Erin Carlson

Date of Award

Summer 2021

Document Type

Open Access Dissertation


Educational Studies

First Advisor

Catherine Compton-Lilly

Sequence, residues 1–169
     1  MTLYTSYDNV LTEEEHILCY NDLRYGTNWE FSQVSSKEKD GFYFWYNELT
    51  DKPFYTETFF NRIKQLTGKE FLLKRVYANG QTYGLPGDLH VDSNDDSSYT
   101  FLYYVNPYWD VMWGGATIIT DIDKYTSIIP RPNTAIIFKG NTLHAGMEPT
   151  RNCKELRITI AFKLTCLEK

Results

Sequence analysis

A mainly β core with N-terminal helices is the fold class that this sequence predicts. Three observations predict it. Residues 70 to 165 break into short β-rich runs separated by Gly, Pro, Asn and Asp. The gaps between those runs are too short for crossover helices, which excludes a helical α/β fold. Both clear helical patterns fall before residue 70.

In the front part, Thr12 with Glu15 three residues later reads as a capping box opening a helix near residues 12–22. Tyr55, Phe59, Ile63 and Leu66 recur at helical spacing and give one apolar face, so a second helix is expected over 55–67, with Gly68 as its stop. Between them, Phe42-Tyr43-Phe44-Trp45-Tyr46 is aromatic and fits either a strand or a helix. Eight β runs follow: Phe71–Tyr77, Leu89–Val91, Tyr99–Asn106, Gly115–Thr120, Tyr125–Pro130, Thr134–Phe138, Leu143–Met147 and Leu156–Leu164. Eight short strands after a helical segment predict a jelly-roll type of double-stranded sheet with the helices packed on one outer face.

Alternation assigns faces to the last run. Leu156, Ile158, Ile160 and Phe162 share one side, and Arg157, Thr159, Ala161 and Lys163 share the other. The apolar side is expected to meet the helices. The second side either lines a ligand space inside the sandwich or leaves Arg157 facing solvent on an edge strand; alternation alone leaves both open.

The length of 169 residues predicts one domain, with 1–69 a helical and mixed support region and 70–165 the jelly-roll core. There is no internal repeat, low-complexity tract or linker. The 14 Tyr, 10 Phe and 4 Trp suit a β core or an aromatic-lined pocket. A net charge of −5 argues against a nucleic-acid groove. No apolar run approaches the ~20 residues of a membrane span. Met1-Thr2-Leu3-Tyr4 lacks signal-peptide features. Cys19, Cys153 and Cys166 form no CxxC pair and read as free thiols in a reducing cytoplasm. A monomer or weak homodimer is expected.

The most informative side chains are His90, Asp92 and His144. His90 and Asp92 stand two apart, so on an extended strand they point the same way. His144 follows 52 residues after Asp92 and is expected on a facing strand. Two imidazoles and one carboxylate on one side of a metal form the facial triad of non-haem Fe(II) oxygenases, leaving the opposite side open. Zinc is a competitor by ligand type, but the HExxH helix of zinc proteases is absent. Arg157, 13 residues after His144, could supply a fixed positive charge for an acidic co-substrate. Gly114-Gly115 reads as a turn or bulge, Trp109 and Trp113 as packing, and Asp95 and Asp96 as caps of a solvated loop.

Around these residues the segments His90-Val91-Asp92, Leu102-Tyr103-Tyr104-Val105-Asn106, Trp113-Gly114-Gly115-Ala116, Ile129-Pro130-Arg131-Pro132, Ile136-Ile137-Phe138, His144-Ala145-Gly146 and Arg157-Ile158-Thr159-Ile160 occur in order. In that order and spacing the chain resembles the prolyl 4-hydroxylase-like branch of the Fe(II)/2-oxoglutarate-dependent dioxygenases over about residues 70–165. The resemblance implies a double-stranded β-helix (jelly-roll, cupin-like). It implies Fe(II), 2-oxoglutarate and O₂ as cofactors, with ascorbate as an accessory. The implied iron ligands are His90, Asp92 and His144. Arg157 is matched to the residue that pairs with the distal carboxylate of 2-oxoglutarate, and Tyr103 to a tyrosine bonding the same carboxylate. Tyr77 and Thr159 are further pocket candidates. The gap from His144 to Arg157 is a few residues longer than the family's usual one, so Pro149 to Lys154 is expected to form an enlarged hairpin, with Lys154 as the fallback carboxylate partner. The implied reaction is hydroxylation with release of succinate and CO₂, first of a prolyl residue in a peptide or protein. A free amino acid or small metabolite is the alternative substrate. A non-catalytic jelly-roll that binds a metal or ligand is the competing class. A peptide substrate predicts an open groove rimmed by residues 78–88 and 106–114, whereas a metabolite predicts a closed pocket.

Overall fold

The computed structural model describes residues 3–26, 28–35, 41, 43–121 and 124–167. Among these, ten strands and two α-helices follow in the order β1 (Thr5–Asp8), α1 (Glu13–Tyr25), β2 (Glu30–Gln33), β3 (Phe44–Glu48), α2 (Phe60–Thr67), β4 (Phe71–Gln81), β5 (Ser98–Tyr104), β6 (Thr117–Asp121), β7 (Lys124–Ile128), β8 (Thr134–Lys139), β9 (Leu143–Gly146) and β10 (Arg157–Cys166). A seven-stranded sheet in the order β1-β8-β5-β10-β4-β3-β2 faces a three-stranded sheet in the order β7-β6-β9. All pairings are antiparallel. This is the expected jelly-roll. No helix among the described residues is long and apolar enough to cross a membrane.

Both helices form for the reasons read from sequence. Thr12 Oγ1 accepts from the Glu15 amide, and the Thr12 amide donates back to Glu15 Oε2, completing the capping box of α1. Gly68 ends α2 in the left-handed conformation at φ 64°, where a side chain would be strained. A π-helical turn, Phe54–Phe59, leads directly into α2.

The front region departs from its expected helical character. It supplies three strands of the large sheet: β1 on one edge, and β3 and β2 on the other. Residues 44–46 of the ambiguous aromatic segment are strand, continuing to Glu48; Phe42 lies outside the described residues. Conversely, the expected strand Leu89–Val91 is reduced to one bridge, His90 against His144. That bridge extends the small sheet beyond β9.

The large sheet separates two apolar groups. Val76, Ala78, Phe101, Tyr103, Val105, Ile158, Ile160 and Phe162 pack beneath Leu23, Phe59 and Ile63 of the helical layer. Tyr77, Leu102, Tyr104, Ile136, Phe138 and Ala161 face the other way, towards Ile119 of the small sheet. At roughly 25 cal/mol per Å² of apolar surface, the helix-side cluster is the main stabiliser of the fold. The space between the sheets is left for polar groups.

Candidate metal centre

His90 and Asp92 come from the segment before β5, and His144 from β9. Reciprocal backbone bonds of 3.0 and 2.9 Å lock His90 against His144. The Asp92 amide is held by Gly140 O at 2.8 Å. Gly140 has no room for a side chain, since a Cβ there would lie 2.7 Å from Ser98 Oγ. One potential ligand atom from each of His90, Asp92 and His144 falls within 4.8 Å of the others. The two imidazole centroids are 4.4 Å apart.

The purpose of this study was to explore how SPAN 121 might be designed to foster and support students’ development of cosmopolitan perspectives. Specifically, it explored how English-speaking students might demonstrate cosmopolitan perspectives in response to activities engaging them in Spanish with global Spanish speakers as part of their undergraduate, intermediate Spanish-language class. Theories of cosmopolitanism value responsible, global citizens engaged in open and respectful dialogue across geographic boundaries to learn about themselves and the world and may guide undergraduate college students in intercultural interactions. Through teacher action research utilizing qualitative case study, this study explored which activities might foster demonstrations of cosmopolitan perspectives in additional-language students while also accomplishing curricular goals in intermediate-level additional-language classes. Through data analysis, this study was not able to determine whether activities in SPAN 121 developed students’ cosmopolitan perspectives—specifically dispositions of global identity, global competence, openness, and responsibility to others. However, it determined that participants’ personal values and experiences appeared to affect which focal dispositions they demonstrated and in response to which SPAN 121 activities. Although participants took the same course, their personal experiences and values significantly affected how they each engaged with and demonstrated markers of focal dispositions and cosmopolitan perspectives. Based on these findings, I am able to suggest implications for educators and researchers of cosmopolitan stances.